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Thread: using a 220v US tool in Philippines

  1. #1

    Exclamation using a 220v US tool in Philippines

    I am retiring to the Philippines and I have some tools with a 220V motor. Can I safely attach a 220V 110-0-110 motor to a 220-0 circuit. Unlike most of the rest of the world, The Philippines uses the same frequency (60Hz) as the USA so motor speeds are not an issue. Thank you

  2. #2
    Join Date
    Dec 2003
    Location
    Kent, WA
    Posts
    8,533

    Default

    Maybe. Most tools won't care about the neutral, they just want hot, hot, and ground. The only issue I see if that you will have 0V to ground on one leg, and 240V to ground on the other. Your tool was designed with the assumption that the highest voltage to ground would be 120V, not 240V. However, there isn't a whole lot of difference when designing between those two cases. It is possible you could have something short out because it is too close to the grounded enclosure.
    Mark
    Kent, WA

  3. #3

    Default a little confused

    This may sound stupid but when trying to get my head around split phase 240, my understanding is that it looks at the difference in power across the 2 hot terminals, +120, and -120. If that is the case, should i wire the motor with the hot on 1 pole and the return on the other hot pole to create the 240V differential?

  4. #4
    Join Date
    Dec 2003
    Location
    LaLa Land, NW Ohio
    Posts
    4,767

    Default

    <WARNING> Do not make fun of my "art" You've been warned.
    Code:
    what you have in the Philippines:
    
    Your transformer outside your house...
    
    utility                      
     side
    |     |
    |     |
    uuuuuuu
    =======   transformer
    nnnnnnn
    |     |
    |     |
    2     0 (grounded leg)
    4     v
    0
    v   
    
    
    What your power "looks" like.....
    
       * *                    <---  240V
     *     *
    *        *               (there is no center tap on the transfomer here)
               *       *
                *     *
                  * *         <--- 0v   (grounded leg)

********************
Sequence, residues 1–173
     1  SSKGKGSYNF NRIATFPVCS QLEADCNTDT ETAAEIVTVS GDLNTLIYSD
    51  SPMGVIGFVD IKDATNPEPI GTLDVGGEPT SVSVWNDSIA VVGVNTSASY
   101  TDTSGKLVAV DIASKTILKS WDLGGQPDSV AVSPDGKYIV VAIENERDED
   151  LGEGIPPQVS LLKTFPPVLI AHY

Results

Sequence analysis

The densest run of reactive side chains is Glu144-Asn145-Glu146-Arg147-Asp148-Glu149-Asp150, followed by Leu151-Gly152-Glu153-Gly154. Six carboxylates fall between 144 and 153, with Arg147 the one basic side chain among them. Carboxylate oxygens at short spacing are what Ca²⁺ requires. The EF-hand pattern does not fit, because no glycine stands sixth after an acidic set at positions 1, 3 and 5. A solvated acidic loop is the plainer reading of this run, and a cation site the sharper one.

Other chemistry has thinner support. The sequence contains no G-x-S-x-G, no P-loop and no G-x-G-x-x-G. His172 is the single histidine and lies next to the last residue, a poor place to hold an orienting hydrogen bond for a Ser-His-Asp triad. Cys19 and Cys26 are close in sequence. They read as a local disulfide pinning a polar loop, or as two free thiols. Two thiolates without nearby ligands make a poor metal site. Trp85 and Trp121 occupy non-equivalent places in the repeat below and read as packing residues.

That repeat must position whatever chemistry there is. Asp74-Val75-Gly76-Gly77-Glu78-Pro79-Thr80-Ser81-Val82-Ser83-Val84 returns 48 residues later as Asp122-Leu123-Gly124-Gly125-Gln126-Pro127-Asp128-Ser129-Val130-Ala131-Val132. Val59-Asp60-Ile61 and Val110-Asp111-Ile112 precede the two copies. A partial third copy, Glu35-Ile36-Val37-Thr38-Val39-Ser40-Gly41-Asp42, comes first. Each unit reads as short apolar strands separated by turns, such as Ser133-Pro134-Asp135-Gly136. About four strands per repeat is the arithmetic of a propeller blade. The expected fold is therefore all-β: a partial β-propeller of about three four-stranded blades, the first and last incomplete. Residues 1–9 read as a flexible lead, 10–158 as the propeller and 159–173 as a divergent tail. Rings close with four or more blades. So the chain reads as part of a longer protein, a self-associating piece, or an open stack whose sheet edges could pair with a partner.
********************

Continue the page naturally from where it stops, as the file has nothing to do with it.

You do not have a center tapped transformer like in the US. One side of your transformer is grounded. The only voltage that comes out is 240V.


    Code:
    In the US:
    
    Our transformer outside our house...
    
    utility                      
     side
    |     |
    |     |
    uuuuuuu
    =======   transformer
    nnnnnnn
    |  |  |
    |  |  |
    1  0  1 
    2  v  2
    0     0
    v     v
       ^
       |   
       (grounded leg)
    
    What our power "looks" like...
       * *                    <---   120V
     *     *
    *        *         
    ---------------------     <---    0v
               *       *
                *     *
                  * *        <---   120v
    For US power, we have 2 120V legs.. they are 180degrees out of phase to each other (AC power is a sine wave). The difference between the 120V's is 240V. (There is no positive or negative in AC power). However the difference between either 120V and ground is 120V. We can get 120V or 240V out of our panels. Each 120V leg is one 'side' of our breaker panels. For devices like dryers or your power tool it is connected to both legs.

    With US 240V, if you touched 1 leg of US 240V you would only get zapped with 120V. The only way you can get 'shocked' with 240V is to grab both 120V legs and be insulated from the ground (do not try this!). Several 'failures' would have to happen. If you contacted Philippines 240v you would get the full 240V no matter what. This is one of the reasons that US voltage is limited to 120V from ground in residential units.

    Hopefully this helps. Philippines 240V is not the same as US 240V.

    If your device has any electronics (speed control) in it, I would not try it. There are likely tranformers that convert Philippines 240V to a center tapped/split 240V circuit. This would be the ideal solution, but not cheap for large loads!

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